In five years, astronomers will break ground on the most ambitious radio telescope yet: the internationally-backed, 1.5-billion-euro Square Kilometer Array (SKA). When it comes online in 2024, the network of roughly 3,000 dishes and thousands of smaller antennas will be linked by interferometry to form one big telescope, with an effective collecting area of a square kilometer.
Astronomers have big plans for the SKA. The telescope is expected to provide a new window into the lives of the universe’s first stars, reveal more details on the effect of dark matter and dark energy on the universe’s expansion, and uncover many more pulsars, spinning stellar remnants with clockwork-like signals that could be used to confirm the existence of gravitational waves.
That is, of course, if astronomers and engineers can figure out how to build it. Construction is set to begin in 2017 (in either the Australian outback or South African desert) but some key technical details still need to be sorted. Among them is handling the sheer quantity of data coming from the telescopes.
This week, IBM and Netherlands-based astronomical institute Astron, which works on the Square Kilometer Array, announced they plan to come up with a list of the best technologies for the job. The effort will center around a five-year, 32.9-million-euro project called DOME, to be based in Drenthe, the Netherlands, which has been created to support the SKA.
The DOME team members will have their work cut out for them. The SKA is set to produce roughly 1 exabyte of data each day, about twice today’s daily Internet traffic. But the total amount of data collected by the array – before the radio signals are combined and correlated to create the SKA's output – will be 100 to 1000 times more, says IEEE Senior Member Ronald Luijten, a senior manager at IBM Research in Zurich, Switzerland.
Transmitting, processing, and storing all that radio data with today's computing technology would be impractically expensive and energy intensive. "We know it can be done in terms of algorithms and the science. We just don’t know how to do this in a practical sense,” says Luijten. “If we were to build the computing parts of SKA today, we would need millions of high grade servers.”
The SKA, like a number of other data-intensive scientific endeavors, is facing an exascale problem, Luijten says. The telescope will need technology that’s comparable to the level of sophistication that’s being targeted by the supercomputing community before the end of the decade. As IEEE Fellow Peter Kogge outlined in a feature for IEEE Spectrum last year, energy demands will make reaching this level of computation difficult. The SKA team will face some additional challenges, too, since they can't rely on a centralized computing facility. At least some data processing will have to be done on or close to the thousands of antennas and dishes, in an environment that was hand-picked for its lack of infrastructure.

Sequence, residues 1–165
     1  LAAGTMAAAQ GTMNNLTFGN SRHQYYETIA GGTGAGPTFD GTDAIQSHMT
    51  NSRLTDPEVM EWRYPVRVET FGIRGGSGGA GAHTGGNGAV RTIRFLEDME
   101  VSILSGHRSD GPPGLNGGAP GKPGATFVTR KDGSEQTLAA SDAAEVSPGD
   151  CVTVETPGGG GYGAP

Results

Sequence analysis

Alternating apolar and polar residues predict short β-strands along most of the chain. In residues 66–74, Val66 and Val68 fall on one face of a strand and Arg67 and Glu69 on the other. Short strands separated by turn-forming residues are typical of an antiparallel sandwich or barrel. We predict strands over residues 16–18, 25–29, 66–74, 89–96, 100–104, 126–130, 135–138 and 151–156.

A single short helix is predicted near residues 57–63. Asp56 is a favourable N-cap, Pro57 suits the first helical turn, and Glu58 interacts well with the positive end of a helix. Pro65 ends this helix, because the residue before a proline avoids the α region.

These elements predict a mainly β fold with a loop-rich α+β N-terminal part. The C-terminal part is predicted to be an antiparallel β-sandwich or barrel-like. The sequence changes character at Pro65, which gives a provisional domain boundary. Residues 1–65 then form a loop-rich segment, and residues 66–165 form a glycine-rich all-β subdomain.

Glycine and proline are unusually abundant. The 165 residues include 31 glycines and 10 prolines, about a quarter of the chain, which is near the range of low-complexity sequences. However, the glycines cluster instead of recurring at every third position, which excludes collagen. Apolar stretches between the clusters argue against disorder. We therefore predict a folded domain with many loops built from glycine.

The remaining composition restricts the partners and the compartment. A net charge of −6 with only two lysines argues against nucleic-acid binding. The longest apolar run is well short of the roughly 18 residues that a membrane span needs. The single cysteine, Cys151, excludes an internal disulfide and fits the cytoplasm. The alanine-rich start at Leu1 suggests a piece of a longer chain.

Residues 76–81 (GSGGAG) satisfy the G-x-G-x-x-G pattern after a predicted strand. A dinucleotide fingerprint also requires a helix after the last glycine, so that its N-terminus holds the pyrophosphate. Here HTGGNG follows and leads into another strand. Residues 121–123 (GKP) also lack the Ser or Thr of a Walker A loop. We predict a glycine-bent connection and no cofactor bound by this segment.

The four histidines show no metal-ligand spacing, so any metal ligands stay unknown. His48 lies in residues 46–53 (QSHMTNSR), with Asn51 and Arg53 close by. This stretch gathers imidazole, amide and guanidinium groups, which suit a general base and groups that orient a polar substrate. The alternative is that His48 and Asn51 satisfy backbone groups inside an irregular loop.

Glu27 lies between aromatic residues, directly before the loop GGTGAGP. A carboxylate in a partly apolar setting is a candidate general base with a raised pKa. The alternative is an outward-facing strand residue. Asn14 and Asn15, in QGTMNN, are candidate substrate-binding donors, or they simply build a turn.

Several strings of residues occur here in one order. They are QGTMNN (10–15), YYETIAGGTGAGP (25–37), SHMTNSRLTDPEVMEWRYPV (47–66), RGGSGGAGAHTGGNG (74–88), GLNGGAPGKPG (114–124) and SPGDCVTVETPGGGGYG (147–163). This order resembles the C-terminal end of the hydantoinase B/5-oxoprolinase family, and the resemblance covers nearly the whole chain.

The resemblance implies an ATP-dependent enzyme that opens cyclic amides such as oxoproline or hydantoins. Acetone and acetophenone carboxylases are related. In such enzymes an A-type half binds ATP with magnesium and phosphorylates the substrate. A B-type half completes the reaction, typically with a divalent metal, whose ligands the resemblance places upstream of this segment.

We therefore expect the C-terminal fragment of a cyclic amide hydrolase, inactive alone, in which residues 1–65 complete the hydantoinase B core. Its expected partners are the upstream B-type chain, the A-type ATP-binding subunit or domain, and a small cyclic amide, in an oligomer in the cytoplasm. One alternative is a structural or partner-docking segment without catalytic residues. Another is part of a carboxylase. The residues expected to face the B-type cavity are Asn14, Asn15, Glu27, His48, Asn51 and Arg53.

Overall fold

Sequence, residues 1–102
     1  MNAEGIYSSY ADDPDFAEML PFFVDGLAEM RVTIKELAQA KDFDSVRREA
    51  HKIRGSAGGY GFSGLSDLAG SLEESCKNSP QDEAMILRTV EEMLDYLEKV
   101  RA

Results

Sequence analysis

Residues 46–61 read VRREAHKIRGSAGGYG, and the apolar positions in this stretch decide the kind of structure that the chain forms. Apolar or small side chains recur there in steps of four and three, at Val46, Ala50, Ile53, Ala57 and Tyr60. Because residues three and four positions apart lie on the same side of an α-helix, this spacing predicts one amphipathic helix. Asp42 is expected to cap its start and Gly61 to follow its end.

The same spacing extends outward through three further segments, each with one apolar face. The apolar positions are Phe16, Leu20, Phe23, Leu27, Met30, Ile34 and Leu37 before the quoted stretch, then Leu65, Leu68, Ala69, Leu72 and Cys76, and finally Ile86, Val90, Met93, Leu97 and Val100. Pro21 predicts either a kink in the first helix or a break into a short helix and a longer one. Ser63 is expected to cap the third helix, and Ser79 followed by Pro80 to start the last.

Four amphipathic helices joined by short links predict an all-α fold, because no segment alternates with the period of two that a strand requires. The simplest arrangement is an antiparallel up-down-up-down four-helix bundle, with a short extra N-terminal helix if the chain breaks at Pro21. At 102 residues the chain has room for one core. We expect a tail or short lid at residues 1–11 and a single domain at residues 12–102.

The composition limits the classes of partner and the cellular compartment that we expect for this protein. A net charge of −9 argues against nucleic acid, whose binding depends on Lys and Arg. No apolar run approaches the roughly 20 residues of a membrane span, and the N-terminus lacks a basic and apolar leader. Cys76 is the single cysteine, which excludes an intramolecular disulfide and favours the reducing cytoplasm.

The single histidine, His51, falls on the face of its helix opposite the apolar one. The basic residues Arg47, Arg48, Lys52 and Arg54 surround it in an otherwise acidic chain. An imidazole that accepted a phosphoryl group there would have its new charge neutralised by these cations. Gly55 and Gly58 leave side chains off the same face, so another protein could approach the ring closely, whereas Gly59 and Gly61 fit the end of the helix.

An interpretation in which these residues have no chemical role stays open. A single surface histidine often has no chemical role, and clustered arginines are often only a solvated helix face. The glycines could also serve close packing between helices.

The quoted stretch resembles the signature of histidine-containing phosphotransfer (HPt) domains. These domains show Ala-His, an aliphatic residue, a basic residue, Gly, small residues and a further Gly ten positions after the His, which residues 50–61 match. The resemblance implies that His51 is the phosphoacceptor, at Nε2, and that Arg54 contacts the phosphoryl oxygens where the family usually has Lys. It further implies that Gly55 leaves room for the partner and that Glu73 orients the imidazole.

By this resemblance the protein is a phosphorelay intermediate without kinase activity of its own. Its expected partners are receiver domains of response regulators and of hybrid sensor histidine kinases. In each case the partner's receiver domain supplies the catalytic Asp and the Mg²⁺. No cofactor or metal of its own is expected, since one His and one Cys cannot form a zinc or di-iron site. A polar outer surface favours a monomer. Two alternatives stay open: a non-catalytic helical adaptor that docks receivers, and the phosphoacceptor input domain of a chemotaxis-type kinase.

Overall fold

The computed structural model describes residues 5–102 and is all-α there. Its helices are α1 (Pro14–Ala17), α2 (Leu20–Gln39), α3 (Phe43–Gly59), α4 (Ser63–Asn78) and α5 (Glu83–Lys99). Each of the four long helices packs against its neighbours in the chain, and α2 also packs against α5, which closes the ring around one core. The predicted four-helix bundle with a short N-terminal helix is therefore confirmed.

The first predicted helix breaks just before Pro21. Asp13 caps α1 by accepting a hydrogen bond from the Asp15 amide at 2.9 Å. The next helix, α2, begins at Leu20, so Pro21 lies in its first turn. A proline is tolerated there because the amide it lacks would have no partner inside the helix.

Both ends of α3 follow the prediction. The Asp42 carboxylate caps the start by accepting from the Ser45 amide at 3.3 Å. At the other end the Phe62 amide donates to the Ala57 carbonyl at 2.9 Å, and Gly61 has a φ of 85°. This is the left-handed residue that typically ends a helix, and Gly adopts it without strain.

DOME's researchers—which will number about 50—will focus on seven topics, picked by IBM, that will be needed to build the SKA and could also have an impact on commercial servers.
One of the technologies at the top of the list is 3D packaging, which stacks chips one on top of another to reduce the energy consumed by data lines. Transporting data from one point to another dominates power consumption in chips. But although stacking will be vital to driving down energy consumption, Luijten says it won't be enough to meet the SKA's needs.
So the collaboration will also look at other energy saving approaches, including the possibility of building custom accelerators – specialized chips like graphics processing units that are designed for speedy data handling. DOME will also explore new forms of storage, like phase change memory, although Luitjen says that at the end of the day, SKA’s data is still likely to be archived on tried-and-true tape. “We still believe that for the next two decades, tape will be the medium for archives. [It’s still the] most cost effective and stable,” Luitjen says. IBM says that one of DOME's goals will be to determine how much data it's possible to keep.
(Illustration: SPDO/TDP/DRAO/Swinburne Astronomy Productions)
Rachel Courtland, an unabashed astronomy aficionado, is a former senior associate editor at Spectrum. She now works in the editorial department at Nature. At Spectrum, she wrote about a variety of engineering efforts, including the quest for energy-producing fusion at the National Ignition Facility and the hunt for dark matter using an ultraquiet radio receiver. In 2014, she received a Neal Award for her feature on shrinking transistors and how the semiconductor industry talks about the challenge.